Laptop Memory Buyer's Guide

Selecting the Proper Type and Amount of RAM for a Laptop PC

Laptop Memory Modules
Laptop Memory Modules. ©Crucial

Certainly the more memory in a laptop the better but there are other concerns regarding memory. Laptops are generally more restricted in the amount of memory that can be installed in them. Sometimes access to that memory can also be a problem if you plan a future upgrade. In fact, many systems now will only come with a fixed amount of memory which cannot be upgraded at all.

How Much is Enough?

The rule of thumb that I use for all computer systems for determining if it has enough memory is to look at the requirements of the software you intend to run.

Check each of the applications and the OS that you intend to run and look at both the minimum and recommended requirements. Typically you want to have more RAM than the highest minimum and ideally at least as much as the highest listed recommended requirement. The following chart provides a general idea of how a system will run with various amounts of memory:

  • Minimum: 4GB
  • Optimal: 8GB
  • Best: >8GB

The ranges provided are a generalization based upon most common computing tasks. It is best to check the requirements of the intended software to make the final decisions. This is not accurate for all computer tasks because some operating systems use more memory than others. For instance, a Chromebook running Chrome OS runs smoothly on just 2GB of memory because it is highly optimized but can certainly benefit from having 4GB.

Many laptops also use integrated graphics controllers that use a portion of the general system RAM for the graphics.

This can reduce the amount of available system RAM from 64MB to 1GB depending upon the graphics controller. If the system is using an integrated graphics controller it is best to have at least 4GB of memory as it will reduce the impact of the graphics using system memory.

Types of Memory

Pretty much every new laptop on the market should use DDR3 memory now.

DDR4 has finally made it into some desktop systems but is still fairly uncommon. In addition to the type of memory installed in the laptop, the speed of the memory can also make a difference in the performance. When comparing laptops, be sure to check both of these pieces of information to determine how they may impact performance.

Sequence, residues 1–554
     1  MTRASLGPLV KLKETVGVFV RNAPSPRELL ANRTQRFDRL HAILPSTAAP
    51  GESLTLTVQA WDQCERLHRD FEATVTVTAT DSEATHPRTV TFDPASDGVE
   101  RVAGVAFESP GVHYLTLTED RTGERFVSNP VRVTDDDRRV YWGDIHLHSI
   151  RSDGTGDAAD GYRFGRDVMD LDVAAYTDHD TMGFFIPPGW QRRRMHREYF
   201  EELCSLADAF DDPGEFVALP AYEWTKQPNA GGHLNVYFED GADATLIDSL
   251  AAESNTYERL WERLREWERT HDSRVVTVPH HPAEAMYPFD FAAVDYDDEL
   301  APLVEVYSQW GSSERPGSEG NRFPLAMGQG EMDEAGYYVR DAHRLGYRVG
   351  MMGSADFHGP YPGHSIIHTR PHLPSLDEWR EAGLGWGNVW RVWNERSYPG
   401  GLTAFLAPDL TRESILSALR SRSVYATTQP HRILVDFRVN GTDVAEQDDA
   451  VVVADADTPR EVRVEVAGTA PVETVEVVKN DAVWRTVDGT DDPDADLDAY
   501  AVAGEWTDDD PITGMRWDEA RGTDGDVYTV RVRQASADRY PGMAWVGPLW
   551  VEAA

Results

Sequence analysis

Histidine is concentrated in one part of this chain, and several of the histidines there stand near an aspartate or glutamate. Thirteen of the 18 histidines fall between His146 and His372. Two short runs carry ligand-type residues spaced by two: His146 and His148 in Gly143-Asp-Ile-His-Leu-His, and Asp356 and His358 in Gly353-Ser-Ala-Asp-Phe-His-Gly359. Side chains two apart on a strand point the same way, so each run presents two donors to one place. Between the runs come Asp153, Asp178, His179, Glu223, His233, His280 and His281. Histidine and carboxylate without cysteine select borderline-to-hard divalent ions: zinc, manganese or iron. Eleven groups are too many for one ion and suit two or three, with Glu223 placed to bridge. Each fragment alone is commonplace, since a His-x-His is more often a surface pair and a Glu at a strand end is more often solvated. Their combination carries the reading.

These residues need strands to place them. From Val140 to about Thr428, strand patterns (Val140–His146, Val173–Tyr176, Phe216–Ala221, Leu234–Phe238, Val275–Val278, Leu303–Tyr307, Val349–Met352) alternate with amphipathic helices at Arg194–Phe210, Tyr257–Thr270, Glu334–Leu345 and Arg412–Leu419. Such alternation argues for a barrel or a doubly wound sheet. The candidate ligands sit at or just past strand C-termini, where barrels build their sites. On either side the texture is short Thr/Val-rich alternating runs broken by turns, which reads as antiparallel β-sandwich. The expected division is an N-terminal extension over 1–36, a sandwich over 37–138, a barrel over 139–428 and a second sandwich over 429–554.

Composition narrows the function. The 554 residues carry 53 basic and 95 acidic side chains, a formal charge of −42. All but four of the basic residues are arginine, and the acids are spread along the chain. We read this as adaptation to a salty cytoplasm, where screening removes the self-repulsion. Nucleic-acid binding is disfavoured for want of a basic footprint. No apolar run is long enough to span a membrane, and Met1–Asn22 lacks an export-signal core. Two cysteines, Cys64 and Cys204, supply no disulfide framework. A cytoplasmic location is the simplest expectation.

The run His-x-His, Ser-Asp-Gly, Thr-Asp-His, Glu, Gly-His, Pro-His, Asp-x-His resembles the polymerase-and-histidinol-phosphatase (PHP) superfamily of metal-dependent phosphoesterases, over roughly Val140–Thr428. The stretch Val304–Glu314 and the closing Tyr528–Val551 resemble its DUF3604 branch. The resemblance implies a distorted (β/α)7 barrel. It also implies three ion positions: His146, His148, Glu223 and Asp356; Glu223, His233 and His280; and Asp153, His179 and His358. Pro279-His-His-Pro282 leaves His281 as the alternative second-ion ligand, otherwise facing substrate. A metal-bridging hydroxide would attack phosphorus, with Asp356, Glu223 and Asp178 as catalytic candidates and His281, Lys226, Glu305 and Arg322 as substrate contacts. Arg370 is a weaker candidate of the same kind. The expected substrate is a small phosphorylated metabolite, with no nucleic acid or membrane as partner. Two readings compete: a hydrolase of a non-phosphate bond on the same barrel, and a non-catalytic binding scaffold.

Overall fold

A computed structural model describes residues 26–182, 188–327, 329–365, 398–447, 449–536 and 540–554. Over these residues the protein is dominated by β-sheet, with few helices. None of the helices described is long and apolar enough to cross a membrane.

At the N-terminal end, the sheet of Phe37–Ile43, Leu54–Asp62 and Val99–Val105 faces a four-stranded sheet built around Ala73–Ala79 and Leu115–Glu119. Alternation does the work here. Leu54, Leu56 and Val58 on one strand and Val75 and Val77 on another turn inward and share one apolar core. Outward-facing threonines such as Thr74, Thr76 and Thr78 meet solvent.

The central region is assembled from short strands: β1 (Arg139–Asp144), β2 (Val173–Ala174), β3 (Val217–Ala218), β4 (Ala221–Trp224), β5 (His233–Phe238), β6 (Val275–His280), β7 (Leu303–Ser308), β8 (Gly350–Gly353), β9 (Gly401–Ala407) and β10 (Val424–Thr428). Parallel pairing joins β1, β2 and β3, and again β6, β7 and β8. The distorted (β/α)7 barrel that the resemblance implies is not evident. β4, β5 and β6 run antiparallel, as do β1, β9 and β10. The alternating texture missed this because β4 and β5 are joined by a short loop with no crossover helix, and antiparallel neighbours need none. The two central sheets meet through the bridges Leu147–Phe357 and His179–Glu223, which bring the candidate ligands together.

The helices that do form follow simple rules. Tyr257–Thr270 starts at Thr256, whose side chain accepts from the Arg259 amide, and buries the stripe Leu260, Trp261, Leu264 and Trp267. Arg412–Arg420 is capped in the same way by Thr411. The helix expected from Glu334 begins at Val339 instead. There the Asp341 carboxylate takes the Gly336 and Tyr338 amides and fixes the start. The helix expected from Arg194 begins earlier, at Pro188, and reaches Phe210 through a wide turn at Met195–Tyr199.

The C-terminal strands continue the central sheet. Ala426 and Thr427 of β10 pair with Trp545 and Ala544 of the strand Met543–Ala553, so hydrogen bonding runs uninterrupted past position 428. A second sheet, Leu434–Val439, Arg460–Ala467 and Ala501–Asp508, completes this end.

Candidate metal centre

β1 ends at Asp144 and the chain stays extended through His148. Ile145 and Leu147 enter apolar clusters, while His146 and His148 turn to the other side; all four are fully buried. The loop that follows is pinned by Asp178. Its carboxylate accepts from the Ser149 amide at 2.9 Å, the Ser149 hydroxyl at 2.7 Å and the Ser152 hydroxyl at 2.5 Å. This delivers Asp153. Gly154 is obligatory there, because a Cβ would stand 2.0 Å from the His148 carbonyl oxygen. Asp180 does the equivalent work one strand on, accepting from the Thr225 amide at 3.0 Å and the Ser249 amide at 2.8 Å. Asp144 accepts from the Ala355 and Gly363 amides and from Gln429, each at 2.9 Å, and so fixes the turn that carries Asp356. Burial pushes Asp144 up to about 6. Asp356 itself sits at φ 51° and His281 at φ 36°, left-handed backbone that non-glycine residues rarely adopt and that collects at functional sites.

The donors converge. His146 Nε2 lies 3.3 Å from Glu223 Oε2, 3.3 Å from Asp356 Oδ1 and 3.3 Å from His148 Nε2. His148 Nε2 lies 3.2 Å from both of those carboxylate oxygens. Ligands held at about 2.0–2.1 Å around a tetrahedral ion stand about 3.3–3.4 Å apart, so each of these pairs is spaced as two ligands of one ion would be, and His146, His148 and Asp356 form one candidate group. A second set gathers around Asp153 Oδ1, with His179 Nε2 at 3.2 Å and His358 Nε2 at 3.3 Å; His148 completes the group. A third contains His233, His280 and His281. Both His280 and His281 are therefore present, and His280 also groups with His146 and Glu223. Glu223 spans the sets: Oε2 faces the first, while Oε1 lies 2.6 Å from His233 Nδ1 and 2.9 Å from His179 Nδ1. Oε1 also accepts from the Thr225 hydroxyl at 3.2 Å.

There are two ways that the memory speeds can be designated. The first is by the memory type and its clock rating, like DDR3 1333MHz. The other method is by listing the type along with the bandwidth. In the case the same DDR3 1333MHz memory would be listed as PC3-10600 memory. Below is a listing in order of fastest to slowest memory types for DDR3 and the upcoming DDR4 formats:

  • DDR4 3200 / PC4-25600
  • DDR4 2666 / PC4-21300
  • DDR4 2133 / PC4-17000
  • DDR3 1600 / PC3-12800
  • DDR3 1333 / PC3-10600
  • DDR3 1066 / PC3-8500
  • DDR3 800 / PC3-6400

It is fairly easy to determine the bandwidth or the clock speed if the memory is only listed by one value of the other. If you have the clock speed, simply multiple by 8. If you have the bandwidth, divide that value by 8. Just beware that sometimes the numbers are rounded so they will not always be equal.

Memory Restriction

Laptops generally have two slots available for memory modules compared to four or more in desktop systems.

This means that they are more limited in the amount of memory that can be installed. With current memory module technologies for DDR3, this restriction generally comes to 16GB of RAM in a laptop based on 8GB modules if the laptop can support them. 8GB is the more typical limit at this time. Some ultraportable systems are even fixed with one size of memory that cannot be changed at all. So what is important to know when you look at a laptop?

First find out what the maximum amount of memory is. This is generally listed by most of the manufacturers. This will let you know what upgrade potential the system has.

Next, determine how the memory configuration is when you buy the system. For example, a laptop that has 4GB of memory can be configured as either a single 4GB module or two 2GB modules. The single memory module allows for better upgrade potential because adding another module you are gaining more memory without sacrificing any current memory. Upgrading the two module situation with a 4GB upgrade would result in the loss of one 2GB module and a memory total of 6GB. The downside is that some systems may actually perform better when configured with two modules in dual-channel mode compared to using a single module but generally those modules need to be of the same capacity and speed rating.

Self-Install Possible?

Many laptops have a small door on the underside of the system with access to the memory module slots or the entire bottom cover may come off. If it does then it is possible to just purchase a memory upgrade and install it yourself without much trouble. A system without an external door or panel typically means that the memory cannot be upgraded at all as the systems is probably sealed. In some cases, the laptop may still be opened by an authorized technician with specialized tools so that it can be upgraded but that will mean a much higher expense to have the memory upgraded than just spending a bit more at the time of purchase to have more memory installed when it was built.

This is especially important if you are buying a laptop and intended to hold onto it for some time. If the memory cannot be upgraded after purchase, it is generally advisable to spend a bit more at the time of purchase to get it at least to as close to 8GB as possible to offset any potential future need. After all, if you then need 8GB but only have 4GB that can't be upgraded, you are hampering the performance of your laptop.